The winds of change
The heat goes on and hurricanes can be more prevalent.
It gives reason to checking the garden for excess growth and pruning accordingly to reduce the potential impact on bushes, and especially trees, and retain a reasonably good branch structure for future growth. Large trees, such as black ebony, poinciana and orchid tree, can be severely damaged. Having large boughs ripped off can reduce the tree to a poor specimen and even subject to disease problems if tissue is damaged and not treated.
Fertiliser application can be a problem during the summer months, with either the dry conditions or heat. It is not advisable to apply granular fertiliser on either occasion when temperatures are hovering near the high 70s, and especially so in severe drought conditions. In such cases consider applying liquid feeds through a hose-end feeder container; when watering via a hosepipe always keep the hose in the shade and run any lying water from the hose end before applying to the soil.
Hoses left in full sun with water in them will, by the very nature of the heat in the hose, have very hot water flowing as soon as you turn on the tap.
When considering planting trees, palms and shrubs which have potential to attain a large size, think long-term in understanding their growth habit and characteristics.
I have noticed since the two hurricanes last year the number of uprooted trees, palms and shrubs with ruptured root systems breaking the soil surface and the trunks leaning against walls.
Of course it has caused the latter to be dislodged or moved in such a manner, the trunk of the tree is anchoring the wall in place until the trunk is moved. Hedges should be planted a minimum of three feet from the boundary to allow for growth to fill in before it reaches over your neighbour’s side.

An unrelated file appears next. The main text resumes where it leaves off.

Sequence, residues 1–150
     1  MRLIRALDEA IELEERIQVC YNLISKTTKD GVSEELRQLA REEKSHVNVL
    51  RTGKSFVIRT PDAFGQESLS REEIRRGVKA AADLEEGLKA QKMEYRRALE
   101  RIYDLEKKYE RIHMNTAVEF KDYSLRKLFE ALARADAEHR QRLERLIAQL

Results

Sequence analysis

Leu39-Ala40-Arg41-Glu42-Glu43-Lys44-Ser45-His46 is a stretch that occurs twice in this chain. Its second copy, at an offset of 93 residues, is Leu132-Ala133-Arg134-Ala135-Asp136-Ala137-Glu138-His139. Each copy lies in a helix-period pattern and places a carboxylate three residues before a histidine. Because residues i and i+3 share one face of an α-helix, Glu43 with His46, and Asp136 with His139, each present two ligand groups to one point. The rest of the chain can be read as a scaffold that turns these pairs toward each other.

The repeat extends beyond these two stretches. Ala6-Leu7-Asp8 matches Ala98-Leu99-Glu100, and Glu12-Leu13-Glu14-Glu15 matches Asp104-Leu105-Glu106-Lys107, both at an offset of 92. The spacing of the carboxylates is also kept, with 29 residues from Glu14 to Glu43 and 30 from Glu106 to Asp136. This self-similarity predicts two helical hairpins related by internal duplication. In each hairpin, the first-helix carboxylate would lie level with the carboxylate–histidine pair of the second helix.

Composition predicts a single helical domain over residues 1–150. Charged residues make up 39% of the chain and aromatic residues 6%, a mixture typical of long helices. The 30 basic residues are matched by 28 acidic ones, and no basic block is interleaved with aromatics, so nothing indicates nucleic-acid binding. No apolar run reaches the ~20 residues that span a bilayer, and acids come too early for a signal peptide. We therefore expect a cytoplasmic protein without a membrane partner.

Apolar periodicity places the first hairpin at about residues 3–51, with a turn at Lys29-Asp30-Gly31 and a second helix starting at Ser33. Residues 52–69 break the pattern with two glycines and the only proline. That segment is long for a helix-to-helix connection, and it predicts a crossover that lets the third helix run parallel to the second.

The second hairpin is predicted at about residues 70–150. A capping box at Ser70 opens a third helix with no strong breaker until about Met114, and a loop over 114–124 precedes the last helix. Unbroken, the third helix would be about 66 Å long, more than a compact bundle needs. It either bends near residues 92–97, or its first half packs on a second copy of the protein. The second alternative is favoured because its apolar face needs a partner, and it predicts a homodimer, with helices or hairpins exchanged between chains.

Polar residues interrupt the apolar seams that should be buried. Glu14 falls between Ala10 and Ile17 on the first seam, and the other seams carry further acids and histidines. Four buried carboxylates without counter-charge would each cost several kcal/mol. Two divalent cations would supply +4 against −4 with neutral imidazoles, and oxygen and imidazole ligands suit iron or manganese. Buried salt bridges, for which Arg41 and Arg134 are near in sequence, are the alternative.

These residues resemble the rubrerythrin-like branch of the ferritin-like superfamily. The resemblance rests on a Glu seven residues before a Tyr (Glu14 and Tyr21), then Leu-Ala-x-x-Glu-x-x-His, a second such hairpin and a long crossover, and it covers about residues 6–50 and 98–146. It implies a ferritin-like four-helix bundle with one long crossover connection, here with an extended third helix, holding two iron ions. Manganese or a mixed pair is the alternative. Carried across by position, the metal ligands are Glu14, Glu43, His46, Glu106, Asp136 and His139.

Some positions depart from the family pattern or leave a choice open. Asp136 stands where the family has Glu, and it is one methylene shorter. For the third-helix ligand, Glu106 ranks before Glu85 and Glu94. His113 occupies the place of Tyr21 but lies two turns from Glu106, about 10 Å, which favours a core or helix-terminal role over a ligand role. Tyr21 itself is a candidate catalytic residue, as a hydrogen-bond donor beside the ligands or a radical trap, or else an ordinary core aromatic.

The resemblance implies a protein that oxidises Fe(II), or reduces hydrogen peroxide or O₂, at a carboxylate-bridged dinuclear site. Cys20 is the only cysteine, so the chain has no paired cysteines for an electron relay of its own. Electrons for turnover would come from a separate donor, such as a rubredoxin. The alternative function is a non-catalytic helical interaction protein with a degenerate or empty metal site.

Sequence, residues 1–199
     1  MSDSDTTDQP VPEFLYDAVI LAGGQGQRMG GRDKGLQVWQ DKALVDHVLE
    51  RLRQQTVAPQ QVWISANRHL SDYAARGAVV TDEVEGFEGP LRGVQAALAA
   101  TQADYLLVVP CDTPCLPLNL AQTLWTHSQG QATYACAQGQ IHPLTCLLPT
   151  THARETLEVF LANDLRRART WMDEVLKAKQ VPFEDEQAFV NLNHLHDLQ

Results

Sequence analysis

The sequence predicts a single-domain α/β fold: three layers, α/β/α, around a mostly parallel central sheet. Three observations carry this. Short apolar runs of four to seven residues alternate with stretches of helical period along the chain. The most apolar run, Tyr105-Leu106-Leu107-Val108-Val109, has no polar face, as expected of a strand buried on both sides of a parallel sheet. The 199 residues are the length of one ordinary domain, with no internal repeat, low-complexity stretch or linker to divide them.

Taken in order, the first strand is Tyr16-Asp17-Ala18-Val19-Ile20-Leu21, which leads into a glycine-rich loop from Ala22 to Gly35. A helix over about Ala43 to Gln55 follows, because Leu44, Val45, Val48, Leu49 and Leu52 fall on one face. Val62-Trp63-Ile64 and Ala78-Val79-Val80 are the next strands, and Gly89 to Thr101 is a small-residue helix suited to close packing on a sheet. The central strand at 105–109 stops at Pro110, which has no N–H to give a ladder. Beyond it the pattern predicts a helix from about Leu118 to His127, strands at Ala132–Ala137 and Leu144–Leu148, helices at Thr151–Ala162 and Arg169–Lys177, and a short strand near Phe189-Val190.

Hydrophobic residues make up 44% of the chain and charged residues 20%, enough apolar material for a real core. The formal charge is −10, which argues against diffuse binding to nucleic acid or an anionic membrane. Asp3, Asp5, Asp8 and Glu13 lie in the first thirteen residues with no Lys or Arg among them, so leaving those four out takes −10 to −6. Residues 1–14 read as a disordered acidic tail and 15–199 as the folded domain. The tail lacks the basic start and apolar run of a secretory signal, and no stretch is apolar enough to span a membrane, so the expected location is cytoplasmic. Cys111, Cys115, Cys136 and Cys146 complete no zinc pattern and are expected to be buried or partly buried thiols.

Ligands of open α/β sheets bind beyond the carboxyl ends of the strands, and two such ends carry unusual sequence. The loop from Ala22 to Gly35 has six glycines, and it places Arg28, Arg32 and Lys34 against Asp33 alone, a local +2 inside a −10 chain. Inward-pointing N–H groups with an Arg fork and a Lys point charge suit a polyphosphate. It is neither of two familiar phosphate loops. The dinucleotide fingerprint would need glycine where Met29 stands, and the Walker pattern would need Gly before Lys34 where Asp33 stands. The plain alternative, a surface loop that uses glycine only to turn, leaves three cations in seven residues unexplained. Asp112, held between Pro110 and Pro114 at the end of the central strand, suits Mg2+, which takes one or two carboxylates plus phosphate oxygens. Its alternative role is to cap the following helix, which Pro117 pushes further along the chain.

By right, he can cut it back to his boundary, which then leaves enough of the growth on your side to act as a screen.
This is not always the case when hedges are planted right on the boundary line and then cut back, thus creating an uneven balance of growth with one side “heavier” than the other. Examine “strange” and “new” plants as to their true identity as many suspect plants could well be weeds introduced during the summer months, especially when seed is dispersed. This has been a major problem when roadsides and railway trails have become havens for weeds to become established and seeds deposited in the soil to germinate at their leisure.
Remember, a weed is a plant growing where it is not wanted and is in competition with a desired plant; this includes plants ordinarily deemed garden plants that have self-seeded themselves and germinated in situ.
Lawns can be readily stressed during long periods of drought, especially if they do not lie over a good depth of soil or soil and “soft” material. Weeds can be a problem, but care needs to be taken in the exercise of controlling them, as it is best to apply spot treatment control but only after the weed areas have been watered in so surrounding grass is not stressed by the chemical’s active ingredient. Remember, the grass type will dictate in many cases, the type of chemical required for the control process.